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What does this year's CES tell us about the future of trade shows?

Image via Consumer Technology Association

As the annual tech convention CES draws to a close, *some* fortunate PRs and journalists will have been out to Vegas.

And the rest of us will have sat at home, seething with jealousy / remembering our years out there whilst currently pretending to do Dry January.

As PR continues to evolve, it is clear to see the ongoing evolution too of a ‘tech trade show’ in terms of its communications story.

In the last decade, you can see the likes of CES, MWC and IFA – big moments in tech brands' diaries – changing from being a ‘big announcement and hospitality must-do’s to actually brands having to redefine their strategic view and looking at the value on what they want the outcome to be from a comms perspective.

We’ve seen brands start to pull out of trade shows completely – is that going to be the future? Hard to say but for those attending again, here are six thoughts about this year’s CES and the value (or not) for brands to take forward…

  1. Tell an interesting story on the stage if you have a press conference – you have an opportunity to get the world’s media interested… Step forward BMW this year with Arnie on the stage – love him or hate him, he had a presence this year, stole headlines but importantly told interesting stories that linked to the brand and product narrative the automotive leader wanted to tell.

  2. To ‘press trip or not press trip’ that is the question – ten years ago, you had to be the brand that was taking all the key tech media out to CES and it got a bit of a bunfight about who was taking who. But is the value of taking media out there gone? No, there is certainly a place for it, brands need to build the right media relationships and, yes, it might be a trip to Vegas but that time together ensures you too, as a PR, know what they need for the year ahead.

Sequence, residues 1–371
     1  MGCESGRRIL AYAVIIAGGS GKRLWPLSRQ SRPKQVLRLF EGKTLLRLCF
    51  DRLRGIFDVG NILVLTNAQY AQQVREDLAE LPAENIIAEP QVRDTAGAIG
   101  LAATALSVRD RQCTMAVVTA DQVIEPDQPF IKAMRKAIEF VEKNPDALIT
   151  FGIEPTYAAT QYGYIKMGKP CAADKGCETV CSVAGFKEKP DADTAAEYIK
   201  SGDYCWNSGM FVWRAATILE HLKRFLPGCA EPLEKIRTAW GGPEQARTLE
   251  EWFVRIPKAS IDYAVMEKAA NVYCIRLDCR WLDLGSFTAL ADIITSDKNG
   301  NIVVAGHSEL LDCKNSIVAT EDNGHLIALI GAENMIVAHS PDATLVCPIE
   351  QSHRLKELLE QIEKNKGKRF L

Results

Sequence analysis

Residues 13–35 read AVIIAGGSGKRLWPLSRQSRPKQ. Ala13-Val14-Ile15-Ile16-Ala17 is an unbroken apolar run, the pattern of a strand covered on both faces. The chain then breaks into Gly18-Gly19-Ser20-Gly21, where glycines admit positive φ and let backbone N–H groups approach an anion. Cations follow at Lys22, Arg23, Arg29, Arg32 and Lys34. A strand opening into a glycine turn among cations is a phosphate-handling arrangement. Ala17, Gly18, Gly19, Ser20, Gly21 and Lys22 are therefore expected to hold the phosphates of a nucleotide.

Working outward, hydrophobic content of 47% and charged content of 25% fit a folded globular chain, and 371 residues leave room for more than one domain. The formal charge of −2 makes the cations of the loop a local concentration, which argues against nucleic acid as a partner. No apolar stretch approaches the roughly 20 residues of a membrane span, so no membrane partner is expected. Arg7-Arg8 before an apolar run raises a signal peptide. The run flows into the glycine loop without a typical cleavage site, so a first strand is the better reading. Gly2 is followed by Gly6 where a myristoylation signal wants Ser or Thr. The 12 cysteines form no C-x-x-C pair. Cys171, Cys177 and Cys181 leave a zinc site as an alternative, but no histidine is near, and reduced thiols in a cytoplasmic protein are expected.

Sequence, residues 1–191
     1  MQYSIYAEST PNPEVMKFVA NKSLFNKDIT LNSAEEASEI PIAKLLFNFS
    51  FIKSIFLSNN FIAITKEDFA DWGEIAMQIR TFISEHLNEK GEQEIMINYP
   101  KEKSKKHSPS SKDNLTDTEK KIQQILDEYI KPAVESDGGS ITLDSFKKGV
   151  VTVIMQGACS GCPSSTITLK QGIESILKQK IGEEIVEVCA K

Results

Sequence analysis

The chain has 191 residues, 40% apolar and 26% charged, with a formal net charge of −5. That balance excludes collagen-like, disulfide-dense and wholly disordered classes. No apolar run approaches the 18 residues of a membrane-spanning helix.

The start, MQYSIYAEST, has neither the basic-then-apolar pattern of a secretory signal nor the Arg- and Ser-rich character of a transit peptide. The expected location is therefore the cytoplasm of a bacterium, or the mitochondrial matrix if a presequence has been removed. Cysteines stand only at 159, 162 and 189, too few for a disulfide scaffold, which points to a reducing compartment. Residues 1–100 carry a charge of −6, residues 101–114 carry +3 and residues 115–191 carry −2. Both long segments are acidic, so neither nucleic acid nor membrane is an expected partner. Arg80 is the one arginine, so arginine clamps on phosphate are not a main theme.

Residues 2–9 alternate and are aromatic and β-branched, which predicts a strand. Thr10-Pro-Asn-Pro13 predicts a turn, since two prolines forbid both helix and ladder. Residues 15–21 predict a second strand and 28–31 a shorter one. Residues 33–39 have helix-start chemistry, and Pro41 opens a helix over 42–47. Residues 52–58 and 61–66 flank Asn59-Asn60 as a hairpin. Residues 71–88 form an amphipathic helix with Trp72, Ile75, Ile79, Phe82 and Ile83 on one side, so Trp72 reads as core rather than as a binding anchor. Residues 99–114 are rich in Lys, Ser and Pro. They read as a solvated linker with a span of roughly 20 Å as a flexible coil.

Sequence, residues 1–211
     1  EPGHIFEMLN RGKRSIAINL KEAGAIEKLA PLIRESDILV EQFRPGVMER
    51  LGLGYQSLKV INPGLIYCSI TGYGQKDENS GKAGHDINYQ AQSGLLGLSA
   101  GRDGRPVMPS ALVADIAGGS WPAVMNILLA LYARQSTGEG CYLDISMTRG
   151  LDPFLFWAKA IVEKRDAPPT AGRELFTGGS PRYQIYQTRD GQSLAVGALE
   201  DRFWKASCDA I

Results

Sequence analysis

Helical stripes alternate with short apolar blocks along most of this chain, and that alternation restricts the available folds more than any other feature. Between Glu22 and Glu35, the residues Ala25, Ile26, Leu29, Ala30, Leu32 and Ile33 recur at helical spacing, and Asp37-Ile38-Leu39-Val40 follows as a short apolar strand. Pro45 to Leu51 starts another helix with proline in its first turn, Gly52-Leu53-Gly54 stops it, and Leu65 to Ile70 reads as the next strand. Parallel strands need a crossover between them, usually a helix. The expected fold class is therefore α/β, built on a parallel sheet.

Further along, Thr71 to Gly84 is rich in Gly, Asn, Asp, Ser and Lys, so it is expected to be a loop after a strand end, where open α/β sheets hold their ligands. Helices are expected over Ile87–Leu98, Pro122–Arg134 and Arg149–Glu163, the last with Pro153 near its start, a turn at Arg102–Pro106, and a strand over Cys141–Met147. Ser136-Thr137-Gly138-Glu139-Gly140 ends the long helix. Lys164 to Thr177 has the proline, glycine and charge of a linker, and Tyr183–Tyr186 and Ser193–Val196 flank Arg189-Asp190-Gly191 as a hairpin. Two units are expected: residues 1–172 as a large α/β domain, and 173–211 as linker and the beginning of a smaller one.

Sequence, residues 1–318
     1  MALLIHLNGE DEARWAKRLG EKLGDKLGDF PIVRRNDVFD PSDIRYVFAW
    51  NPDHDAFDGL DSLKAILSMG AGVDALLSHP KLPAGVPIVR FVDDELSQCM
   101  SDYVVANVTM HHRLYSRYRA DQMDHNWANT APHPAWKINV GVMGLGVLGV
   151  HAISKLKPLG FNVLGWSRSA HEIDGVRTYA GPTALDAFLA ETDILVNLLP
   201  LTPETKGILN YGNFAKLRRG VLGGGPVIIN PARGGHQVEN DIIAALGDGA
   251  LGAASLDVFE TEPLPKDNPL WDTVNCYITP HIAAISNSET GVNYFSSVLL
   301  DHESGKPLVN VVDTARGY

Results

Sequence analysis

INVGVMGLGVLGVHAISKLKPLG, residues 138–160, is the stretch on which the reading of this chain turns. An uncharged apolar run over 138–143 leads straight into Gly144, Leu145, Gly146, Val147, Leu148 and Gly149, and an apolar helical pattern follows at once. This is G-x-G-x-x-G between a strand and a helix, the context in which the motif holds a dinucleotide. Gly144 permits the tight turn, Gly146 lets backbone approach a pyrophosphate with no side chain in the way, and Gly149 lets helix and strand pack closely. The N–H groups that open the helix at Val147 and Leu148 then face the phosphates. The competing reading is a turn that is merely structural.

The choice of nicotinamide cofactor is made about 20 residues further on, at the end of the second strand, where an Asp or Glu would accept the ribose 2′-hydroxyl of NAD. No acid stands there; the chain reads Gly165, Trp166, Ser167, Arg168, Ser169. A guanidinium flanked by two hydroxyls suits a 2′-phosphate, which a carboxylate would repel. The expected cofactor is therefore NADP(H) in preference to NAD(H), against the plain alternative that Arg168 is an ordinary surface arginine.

3. (Can you) carefully embargo stories of launches – judging by a fair few leaks, who knows? It is the age-old question, and if it was a straightforward route, we’d all do it but it is a risk.

  4. Tell the brand differentiation or quirky stories (where you can) – you don’t need to be a big brand or even a tech brand at CES to get noticed, you just need to storytell right to stand out from competitors. From Yukai Engineering’s anxiety-reducing cushion to L’Oreal’s HAPTA, the first handheld, ultra-precise computerized makeup applicator – every year, there is always something new that you remember.

  5. Think about the multi-channel approach – it isn’t just journalists out there – the speed of getting a story out, is a priority. Brands can win by careful influencer storytelling alongside the media focus with it mirrored on their own channels. Seems obvious, yes. It isn’t always done well.

  6. Real-life events ARE starting to come back, is it safe to? – a question many of us still ask but as the world is – in many places – getting ‘back to normal’ so are events. It will always, however, be up to individuals if they want to attend.

The future of the trade show is one that will be watched. And how brands operate at them.

Article written by Laura Sibley, managing director, Consumer at Brands2Life.

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